Smoking. Every smoker knows the multiple health dangers associated with smoking. To continue smoking, then, is an ongoing affirmation of illness. Every time smokers light up, the message they're giving themselves is, "I'm not worthy of health. I'm not able to control my hands, much less myself." By the very action of lighting up, smokers admit tobacco is a more powerful influence on their lives than they themselves are. This admission may do more harm than the physiological effects of the smoke. Stopping smoking is easy. You simply never put a lit cigarette in your mouth ever again. Period. It's getting to that point that's difficult.
Tell him to live by yes and no-- yes to everything good, no to everything bad.
Drug and alcohol abuse. If you automatically turn to drugs and/or alcohol in times of trouble, or if you find using them negatively affects your work, your relationships, or your general well-being, you're abusing them. The physiological effects of drug and alcohol abuse make it difficult for the abuser to hold positive thoughts. The residual toxicity of the chemicals in the body makes toxic thinking easy. This is why drug and alcohol dependence often needs dramatic, outside support--joining Alcoholics Anonymous or checking into a treatment hospital such as the Betty Ford Clinic. The cure, however, is easier than solving the primary problem--to admit that there's a problem in the first place.
Hanging out with negative people. Negative thinking is one of the most contagious diseases around. As George Herbert pointed out in 1651, "He that lies with the dogs, riseth with fleas." If youspend time with negative people, sooner or later you'll be thinking negative thoughts. To support their own weaknesses, people often gravitate toward similar people. "But everyone I know ____________." You can fill in the blank with the addictive behavior of your choice. "We can't all be wrong!" Every lemming thinks that about all the other lemmings as they head for the cliff. As you change your thinking, you may have to change some of your "friends." I put friends in quotes because the severe way some negative people criticize the positive movement of those around them I would hardly call friendly. And, by "changing friends" I mean finding new ones, not changing the thinking of the ones you have. If they want to change their thinking, they will. Give them a copy of this book. If they're ready, they'll act on it. If they're not, they probably won't even read it. So let it go. Changing your own thinking is a full-time occupation.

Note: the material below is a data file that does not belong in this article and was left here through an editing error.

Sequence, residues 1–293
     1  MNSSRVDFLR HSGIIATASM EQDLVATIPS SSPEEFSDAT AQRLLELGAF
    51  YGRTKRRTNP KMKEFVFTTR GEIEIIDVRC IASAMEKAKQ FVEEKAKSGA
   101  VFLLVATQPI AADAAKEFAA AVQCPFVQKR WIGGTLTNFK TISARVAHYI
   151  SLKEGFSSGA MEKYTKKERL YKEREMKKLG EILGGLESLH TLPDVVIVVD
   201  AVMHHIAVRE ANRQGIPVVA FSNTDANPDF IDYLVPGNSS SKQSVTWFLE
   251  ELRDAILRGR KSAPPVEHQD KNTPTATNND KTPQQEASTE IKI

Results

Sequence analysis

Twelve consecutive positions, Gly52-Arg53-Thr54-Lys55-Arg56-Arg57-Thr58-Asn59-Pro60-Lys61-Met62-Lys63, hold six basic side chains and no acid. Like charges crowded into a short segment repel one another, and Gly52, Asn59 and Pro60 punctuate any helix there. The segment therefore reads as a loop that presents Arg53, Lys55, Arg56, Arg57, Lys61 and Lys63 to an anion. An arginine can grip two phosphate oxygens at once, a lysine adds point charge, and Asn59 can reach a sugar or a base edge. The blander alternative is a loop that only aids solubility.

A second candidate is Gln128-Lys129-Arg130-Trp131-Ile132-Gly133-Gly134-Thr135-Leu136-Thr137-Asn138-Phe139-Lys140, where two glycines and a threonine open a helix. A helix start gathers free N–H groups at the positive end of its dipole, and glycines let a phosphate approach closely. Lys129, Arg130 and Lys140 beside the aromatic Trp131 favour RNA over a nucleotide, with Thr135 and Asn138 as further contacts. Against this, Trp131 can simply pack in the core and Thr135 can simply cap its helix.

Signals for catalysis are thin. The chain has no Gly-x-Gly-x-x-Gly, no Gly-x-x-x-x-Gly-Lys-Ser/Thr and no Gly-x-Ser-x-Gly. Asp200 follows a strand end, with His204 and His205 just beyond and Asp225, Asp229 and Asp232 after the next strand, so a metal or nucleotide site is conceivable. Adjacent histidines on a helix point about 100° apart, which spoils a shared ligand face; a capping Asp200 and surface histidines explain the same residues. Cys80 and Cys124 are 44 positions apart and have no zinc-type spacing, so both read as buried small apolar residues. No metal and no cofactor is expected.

Compulsive sex. Some people seek sexual highs the same way drug and alcohol abusers seek chemical highs. Just because sex is "natural" (non-chemical) doesn't mean it can't be abused. It can. What you do sexually is not the issue. Why you do it is. Is it an expression of love for another, or is it a way of avoiding some inner feeling--loneliness, for example? Compulsive sex, like any lust, carries the message: "I'm not enough as I am. I need something or someone out there to make me happy. Without that, I'm worthless."
A great many people have asked how I manage to get so much work done and still keep looking so dissipated.
Workaholism. Is your work an expression of who you are, or is it the only place in your life you feel "in control"? People who work too much often do so from a desperate need to prove they are worthy. "I've done all this--see? I am worthy." The problem is, no accomplishment is ever good enough for these people. As one goal is about to be reached, a new, more difficult goal replaces it. The real problem, however, is that they never believe they are worthwhile just as they are. Worthiness is; it doesn't have to be earned or proven. If your work is your play and also your personal expression of life, then spending long hours at it is fine. So many people, however, hide from themselves in work that the term workaholic isnow part of the language.
Complacency. Chronic inaction in areas you know need attention can be an addiction. Some people become habitually lethargic. Not taking an action becomes an automatic response. This stems from the belief, "I can't do it." Not doing anything "proves" the belief to be true, thereby strengthening the response that's there's no reason to respond. The habit of complacency is solved through action--physically moving and doing something. If the habit is strong, it may feel at first as though you're moving through Jell-O--every motion in every direction seems to have something pulling against it. That's the habit. You're stronger than it is. Keep moving. Set yourself a reasonable task and complete it. Then another. Then another. Show yourself you can do it, because you can.
Copyright © 1988-1996 Peter McWilliams & Prelude Press, Inc.